There are several documents that Esther received from her plantation manager in this exhibition. On one you can see a list of slaves and their monetary values written alongside the values of cattle and plantation equipment. Such reports are typical of their time, written to absentee plantation owners who lived in distant lands far removed from the enslaved people who created their wealth.

John Tripe was ordained as an Anglican minister. He was curate of Kenn and lived at Oxton House near Exeter. When he inherited the Swete plantation, he was free to follow his interest in houses and landscape.

Swete pulled down the old Oxton House and built a new one, also landscaping the grounds. He then embarked on tours of Devon between 1789 and 1800, looking at country houses and writing notes. He illustrated these notes with his own watercolour sketches and created 20 bound journals.

Colour photograph of a watercolour painting of tress and lawns with a grand house in the background
Oxton House, Kenton, Devon Rev John Swete. Watercolour on paper, 1810-11.

This sketch shows the house that John Swete built between 1781 and 1789 by using some of the money he had inherited in 1781. The family wealth came from slave plantations in Antigua. His inheritance allowed Swete to follow a passion for visiting and depicting the picturesque landscapes of Devon.
Watercolour painting of a four-sided summerhouse in a garden
Gothic Summer House at Oxton Rev John Swete. Watercolour on paper, After 1791.

With his inheritance from slave plantations, Swete was able to keep up with the landscaping fashions of the day. This sketch shows the Gothic summer house he had built in his garden at Oxton. Its quirky style contrasts with the classical architecture he used in his main house.
Watercolour drawing of trees in a garden
Garden at Oxton Rev John Swete. Watercolour on paper, 1811.

In this sketch of his garden and ornamental obelisk, Swete shows his love of picturesque features in managed landscapes. His style, framing the scene with tree trunks and branches, reflects artistic conventions of the time. Swete rarely referred to the slave plantations or enslaved labourers that allowed him so much leisure and wealth.

Devon Archives & Local Studies kindly lent RAMM several items relating to Swete:

The Retreat at Topsham, Rev John Swete. Watercolour study 1796. DHC 564M/F6/159

In 1684 Samuel Buttall, a Plymouth sugar maker, bought this site for a sugar refinery. A later house was built on the site and in the 1780s Sir Alexander Hamilton lived here. Hamilton owned sugar plantations in Grenada. In 1835, after slavery was abolished in Grenada, Hamilton’s heir received compensation for 140 enslaved people.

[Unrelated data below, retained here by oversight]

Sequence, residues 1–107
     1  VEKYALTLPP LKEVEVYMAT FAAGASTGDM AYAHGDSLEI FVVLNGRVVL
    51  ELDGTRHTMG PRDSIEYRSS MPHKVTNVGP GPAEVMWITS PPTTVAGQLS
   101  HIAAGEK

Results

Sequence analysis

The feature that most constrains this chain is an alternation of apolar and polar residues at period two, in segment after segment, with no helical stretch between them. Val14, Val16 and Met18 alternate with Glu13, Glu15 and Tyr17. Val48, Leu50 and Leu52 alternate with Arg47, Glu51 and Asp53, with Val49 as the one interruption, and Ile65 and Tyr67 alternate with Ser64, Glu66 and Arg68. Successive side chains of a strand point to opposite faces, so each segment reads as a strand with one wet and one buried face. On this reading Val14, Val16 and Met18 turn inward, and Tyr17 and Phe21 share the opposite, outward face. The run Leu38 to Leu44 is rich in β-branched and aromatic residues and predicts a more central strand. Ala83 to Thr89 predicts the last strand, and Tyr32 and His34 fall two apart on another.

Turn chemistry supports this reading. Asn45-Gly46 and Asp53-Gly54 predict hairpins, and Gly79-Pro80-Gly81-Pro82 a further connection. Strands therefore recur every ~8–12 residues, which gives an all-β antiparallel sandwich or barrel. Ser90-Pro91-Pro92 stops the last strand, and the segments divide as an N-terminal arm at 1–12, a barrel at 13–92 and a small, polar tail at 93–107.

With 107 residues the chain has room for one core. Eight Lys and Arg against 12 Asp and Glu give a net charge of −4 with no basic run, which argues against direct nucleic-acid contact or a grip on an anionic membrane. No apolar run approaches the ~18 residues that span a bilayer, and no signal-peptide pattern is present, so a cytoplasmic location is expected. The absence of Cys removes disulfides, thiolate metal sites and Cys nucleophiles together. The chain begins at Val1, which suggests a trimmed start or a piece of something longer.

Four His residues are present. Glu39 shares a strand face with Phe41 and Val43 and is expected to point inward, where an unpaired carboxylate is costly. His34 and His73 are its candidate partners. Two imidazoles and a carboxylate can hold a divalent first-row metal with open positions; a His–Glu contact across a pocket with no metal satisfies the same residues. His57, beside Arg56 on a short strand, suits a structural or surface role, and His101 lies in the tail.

Lindridge House, Bishopsteignton, Rev John Swete. Watercolour on paper, 1795. DHC 564M/F8/133

Peter Lear was a wealthy owner of sugar plantations in Barbados. He bought and rebuilt Lindridge in 1673. Later it was owned by the Baring banking family. The Baring’s wealth came from the trading economy surrounding slave plantations. Barings opened the Devonshire Bank in Exeter in 1770.

Maristow, near Plymouth, Rev John Swete. Watercolour on paper, 1797. DHC 564M/F12/137

Maristow House was owned by the Modyford, Heywood and Lopes families in turn. All these families owned Jamaican estates which were run with the labour of enslaved Africans.  Henry Lopes, Lord Roborough, was a benefactor of Exeter University, and Lopes Hall and the Roborough library were named after him.

Shute House, near Axminster, Rev John Swete. Watercolour on paper, 1795. DHC 564M/F7/85

Shute was the home of the Pole family. The parish register for Colyton, Devon, records the burial ofa black servant, ‘Katheren, blackmore, servant of Sir William Pole’ on 1 June, 1619. After abolition,the Pole family of Shute received compensation for 340 enslaved people on St Kitts.

‘Main Swete’s Antigua plantations’. 1714-15. DHC 388M/E/1

These early accounts show the concerns of a plantation owner in the early 1700s.  For example, the cost of transporting enslaved people to Maryland at the top of the page. At the bottom is the cost of beef, bulls and herrings.

‘List of the negroes and their value’ at Swete Antigua plantations. Probably 1737. DHC 388M/E/3

This document shows the financial value of the enslaved people and cattle on the Swete plantations. Jacob was given the most value at £45. Old Jubbah is listed as ‘past labour’. She has no value by her name. The racist name Mulatta Hannah indicates an enslaved child with one white parent.

‘Estate of Main Swete, Deceased’. 1738-1739. DHC 388M/E/4

These pages show the accounts of the ships which conveyed the sugar from Antigua to England. At the bottom left you can see cash payments for gaoling and whipping ‘a negro…for attempting to assist a negro of Mr Dunbarr’s to get off the island’. As this demonstrates, throughout slavery enslaved people resisted their enslavement.

‘Plantation account of Maine Swete to Mr Richard Oliver’. 1741-42. DHC 388M/E/5

This page of accounts shows the cost of carpentry and parts for a sugar mill, including wheel cogs and brass blocks. Other purchases include coopers nails and ‘Kendall Cottons …for the negroes cloathing’. This cloth was actually wool, woven in Cumbria. Such things would be imported from Britain.

Letter to Esther Swete from the plantation manager, Rowland Oliver. 1745. DHC 388M/E/11

In this letter the plantation manager reassures the new owner of the plantations that the crop will increase this year. He anticipates producing 70 large barrels (called hogsheads and written ‘hhd’). ‘I believe we shall make 4 or 5 hhd of sugar more, the negroes being so frequently ordered upon’.